Ellie Kerry explains what a typical day is like for a psychological wellbeing practitioner at DHC Talking Therapies.
DHC Talking Therapies is a great service to work for, with a diverse, experienced and supportive team covering a range of specialisms – including Cognitive Behaviour Therapists (CBT), Long Term Conditions (LTC) CBT specialists, Counselling Psychologists, Counsellors and Wellbeing Practitioners.
Before deciding to train as a Psychological Wellbeing Practitioner (PWP), I was working in clinical research, which I didn’t feel gave me enough opportunity to make as much real difference to individual lives. I was interested in specialising because CBT is an evidenced based treatment and I wanted to know that the techniques I was using with clients were supported and shown to be effective.
On a typical day I have a number of telephone assessments and face-to-face treatments scheduled. Patients can be referred by their GP, or they can self-refer using the self-referral form on the Talking Therapies website, or by contacting us by telephone. Self-referral is where patients can contact us directly, without the need to make contact via their GP first. I assess all clients being referred to Talking Therapies but only treat those with mild to moderate common mental health difficulties, such as anxiety, panic and specific phobia. If necessary, I tell clients about other support services that would be better suited to them. I help with a range of guided self-help approaches, which are based on the principles of CBT. I deliver these in a one-to-one capacity either in person, or over the phone, depending on a client’s individual preference. I also lead a long-term conditions group, which involves four sessions of CBT to adults with common mental health conditions that have been impacted by having a long-term health condition, such as diabetes, respiratory conditions, multiple sclerosis (MS), stroke, or a heart condition.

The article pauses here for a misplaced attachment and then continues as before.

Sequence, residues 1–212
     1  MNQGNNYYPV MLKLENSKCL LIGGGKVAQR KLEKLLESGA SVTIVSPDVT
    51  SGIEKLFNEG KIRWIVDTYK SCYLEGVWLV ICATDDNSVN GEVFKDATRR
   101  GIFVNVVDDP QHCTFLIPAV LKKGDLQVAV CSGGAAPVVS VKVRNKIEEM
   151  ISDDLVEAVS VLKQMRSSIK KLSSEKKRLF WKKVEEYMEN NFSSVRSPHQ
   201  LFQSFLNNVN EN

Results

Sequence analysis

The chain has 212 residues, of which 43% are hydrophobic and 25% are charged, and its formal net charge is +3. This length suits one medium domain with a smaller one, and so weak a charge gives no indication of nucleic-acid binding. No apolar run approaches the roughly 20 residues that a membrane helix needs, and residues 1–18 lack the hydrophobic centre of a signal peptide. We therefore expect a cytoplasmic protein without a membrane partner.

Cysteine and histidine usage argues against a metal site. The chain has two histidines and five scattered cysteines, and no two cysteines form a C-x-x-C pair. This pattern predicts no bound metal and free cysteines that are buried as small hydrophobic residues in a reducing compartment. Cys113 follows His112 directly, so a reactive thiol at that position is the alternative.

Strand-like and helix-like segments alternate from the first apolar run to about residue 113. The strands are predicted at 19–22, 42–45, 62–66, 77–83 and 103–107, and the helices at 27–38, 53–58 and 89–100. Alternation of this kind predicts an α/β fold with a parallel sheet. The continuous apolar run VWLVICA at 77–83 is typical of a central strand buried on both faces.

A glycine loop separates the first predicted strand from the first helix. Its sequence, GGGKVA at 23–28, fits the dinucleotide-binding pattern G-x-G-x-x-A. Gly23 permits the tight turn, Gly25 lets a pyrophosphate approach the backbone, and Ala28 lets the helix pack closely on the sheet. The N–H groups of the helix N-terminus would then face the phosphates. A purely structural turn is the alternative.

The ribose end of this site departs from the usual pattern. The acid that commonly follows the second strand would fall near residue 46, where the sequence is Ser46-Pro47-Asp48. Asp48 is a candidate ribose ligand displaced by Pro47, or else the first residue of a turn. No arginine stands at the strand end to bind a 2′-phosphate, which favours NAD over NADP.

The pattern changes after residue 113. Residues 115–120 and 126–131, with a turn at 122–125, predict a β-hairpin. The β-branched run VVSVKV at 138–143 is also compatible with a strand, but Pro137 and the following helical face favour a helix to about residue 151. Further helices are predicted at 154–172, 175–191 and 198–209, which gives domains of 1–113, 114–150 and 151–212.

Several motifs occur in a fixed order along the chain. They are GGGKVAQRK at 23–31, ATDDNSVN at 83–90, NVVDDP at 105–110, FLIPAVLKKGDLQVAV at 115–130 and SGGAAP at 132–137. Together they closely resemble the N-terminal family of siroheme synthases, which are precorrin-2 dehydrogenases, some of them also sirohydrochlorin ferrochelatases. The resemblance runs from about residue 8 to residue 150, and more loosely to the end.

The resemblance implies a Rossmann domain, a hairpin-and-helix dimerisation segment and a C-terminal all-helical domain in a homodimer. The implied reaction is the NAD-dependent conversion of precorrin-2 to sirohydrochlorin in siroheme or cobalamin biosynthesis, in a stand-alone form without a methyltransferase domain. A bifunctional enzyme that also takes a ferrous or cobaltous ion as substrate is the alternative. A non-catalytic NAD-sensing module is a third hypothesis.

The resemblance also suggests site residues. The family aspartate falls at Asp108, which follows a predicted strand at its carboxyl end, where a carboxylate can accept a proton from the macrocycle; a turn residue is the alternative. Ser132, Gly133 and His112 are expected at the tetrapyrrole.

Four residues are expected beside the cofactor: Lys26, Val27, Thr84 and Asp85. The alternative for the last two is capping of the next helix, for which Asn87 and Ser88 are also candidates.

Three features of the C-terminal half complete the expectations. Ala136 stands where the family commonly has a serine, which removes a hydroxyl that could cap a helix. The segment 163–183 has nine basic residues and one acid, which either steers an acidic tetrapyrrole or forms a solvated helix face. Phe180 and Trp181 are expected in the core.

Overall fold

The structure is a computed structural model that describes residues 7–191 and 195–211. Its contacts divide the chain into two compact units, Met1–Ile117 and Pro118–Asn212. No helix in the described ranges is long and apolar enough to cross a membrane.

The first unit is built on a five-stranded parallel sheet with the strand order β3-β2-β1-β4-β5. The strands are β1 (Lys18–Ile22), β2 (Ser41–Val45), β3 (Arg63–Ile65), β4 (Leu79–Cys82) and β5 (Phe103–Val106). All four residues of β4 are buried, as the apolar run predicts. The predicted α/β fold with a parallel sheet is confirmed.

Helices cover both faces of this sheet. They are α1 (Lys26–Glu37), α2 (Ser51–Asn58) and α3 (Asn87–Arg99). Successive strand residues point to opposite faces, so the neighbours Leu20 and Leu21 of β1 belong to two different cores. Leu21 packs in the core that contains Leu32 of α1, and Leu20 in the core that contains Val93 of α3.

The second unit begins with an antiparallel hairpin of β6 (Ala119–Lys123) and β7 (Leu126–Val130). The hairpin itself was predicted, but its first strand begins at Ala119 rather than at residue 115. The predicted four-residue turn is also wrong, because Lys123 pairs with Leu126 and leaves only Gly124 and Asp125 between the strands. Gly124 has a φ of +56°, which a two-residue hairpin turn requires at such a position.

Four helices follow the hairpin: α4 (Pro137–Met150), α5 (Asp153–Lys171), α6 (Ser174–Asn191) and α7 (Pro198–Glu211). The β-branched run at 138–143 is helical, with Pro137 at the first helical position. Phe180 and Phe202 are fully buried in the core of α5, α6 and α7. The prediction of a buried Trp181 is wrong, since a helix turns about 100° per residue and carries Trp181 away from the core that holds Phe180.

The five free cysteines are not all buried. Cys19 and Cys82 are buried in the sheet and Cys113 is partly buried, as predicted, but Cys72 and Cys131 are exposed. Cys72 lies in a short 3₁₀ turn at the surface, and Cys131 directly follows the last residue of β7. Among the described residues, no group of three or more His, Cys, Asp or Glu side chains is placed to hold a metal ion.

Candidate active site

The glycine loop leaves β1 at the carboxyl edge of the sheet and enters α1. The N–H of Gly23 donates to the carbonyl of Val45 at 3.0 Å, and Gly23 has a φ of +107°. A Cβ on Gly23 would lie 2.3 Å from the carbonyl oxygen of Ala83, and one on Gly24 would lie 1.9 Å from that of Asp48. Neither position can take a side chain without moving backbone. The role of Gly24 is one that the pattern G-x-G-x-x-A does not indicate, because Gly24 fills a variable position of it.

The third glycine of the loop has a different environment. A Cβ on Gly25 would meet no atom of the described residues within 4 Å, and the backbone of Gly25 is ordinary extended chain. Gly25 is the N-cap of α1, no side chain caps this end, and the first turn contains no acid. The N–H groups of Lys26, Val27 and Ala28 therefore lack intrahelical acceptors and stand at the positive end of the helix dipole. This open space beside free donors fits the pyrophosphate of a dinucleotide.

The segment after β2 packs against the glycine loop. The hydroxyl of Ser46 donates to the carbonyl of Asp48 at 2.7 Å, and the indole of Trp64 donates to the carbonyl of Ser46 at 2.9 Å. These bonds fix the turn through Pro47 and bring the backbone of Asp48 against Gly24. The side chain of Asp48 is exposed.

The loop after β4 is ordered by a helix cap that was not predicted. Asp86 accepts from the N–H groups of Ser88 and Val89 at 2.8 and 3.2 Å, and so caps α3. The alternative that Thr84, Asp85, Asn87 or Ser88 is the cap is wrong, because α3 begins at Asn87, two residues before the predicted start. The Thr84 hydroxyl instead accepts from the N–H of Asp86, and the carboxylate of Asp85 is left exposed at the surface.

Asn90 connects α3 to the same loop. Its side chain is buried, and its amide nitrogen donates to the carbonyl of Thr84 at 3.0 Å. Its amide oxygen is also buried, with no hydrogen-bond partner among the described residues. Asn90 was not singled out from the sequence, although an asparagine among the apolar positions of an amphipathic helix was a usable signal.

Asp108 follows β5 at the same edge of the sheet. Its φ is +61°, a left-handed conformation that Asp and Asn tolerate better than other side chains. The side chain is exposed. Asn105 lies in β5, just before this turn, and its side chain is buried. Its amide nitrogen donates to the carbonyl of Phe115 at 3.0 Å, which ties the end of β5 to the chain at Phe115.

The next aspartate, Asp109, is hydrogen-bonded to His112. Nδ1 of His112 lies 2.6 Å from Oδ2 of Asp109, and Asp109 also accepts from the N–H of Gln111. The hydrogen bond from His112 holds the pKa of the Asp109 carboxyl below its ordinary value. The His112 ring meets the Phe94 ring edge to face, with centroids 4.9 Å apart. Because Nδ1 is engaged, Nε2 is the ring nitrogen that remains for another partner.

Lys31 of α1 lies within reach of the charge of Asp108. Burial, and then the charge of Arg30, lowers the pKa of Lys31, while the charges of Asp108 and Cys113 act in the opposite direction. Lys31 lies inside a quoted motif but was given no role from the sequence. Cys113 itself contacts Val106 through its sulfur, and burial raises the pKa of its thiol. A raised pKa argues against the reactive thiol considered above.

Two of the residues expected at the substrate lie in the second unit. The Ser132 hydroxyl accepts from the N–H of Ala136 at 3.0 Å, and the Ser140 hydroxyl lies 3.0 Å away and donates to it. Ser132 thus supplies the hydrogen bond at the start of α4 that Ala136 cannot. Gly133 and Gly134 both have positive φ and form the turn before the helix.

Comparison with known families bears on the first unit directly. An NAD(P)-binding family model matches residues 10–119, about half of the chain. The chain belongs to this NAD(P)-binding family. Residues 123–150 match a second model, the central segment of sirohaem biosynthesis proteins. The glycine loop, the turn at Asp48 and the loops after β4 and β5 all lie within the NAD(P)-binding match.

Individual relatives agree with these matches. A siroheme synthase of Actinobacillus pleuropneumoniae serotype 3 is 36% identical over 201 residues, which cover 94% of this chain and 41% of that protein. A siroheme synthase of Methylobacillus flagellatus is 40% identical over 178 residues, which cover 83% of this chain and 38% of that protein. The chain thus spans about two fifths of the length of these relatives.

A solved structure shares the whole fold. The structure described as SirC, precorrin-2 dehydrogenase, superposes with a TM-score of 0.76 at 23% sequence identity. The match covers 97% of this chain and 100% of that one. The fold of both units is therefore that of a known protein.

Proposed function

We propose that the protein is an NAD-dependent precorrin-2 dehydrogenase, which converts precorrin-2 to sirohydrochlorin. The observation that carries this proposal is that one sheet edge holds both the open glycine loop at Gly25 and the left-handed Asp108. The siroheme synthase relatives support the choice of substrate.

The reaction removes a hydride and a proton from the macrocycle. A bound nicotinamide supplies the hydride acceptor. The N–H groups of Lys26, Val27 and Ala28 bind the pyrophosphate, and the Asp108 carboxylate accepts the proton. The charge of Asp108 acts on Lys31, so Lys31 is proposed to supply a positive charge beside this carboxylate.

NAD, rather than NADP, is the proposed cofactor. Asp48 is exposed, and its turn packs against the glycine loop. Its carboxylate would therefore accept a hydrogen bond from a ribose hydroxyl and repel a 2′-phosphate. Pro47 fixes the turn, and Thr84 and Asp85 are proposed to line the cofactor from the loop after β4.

Each week, I have one hour of case management supervision in which we discuss the cases I am managing and any concerns or queries about treatment pathways. I receive monthly line management supervision, group clinical skills supervision and peer supervision. The different methods of supervision enable me to develop both professionally and personally within the Talking Therapies service.
Client experience and how they feel about the care they receive is integral to how we shape and continue to improve our service. The most fulfilling aspect of being a PWP is seeing the positive changes in people who take on and learn the strategies you teach. I get a real sense of achievement when clients who are initially unsure about the guided self-help approach find it useful and sometimes a ‘life-changing’ experience.
I would like to continue my professional development by learning more about CBT with wider groups of people, to enable improved access to mental health treatment to groups that may be under-represented. I would also like to gain greater experience in research in the Talking Therapies setting.
If you feel you could benefit from Talking Therapies please contact us today.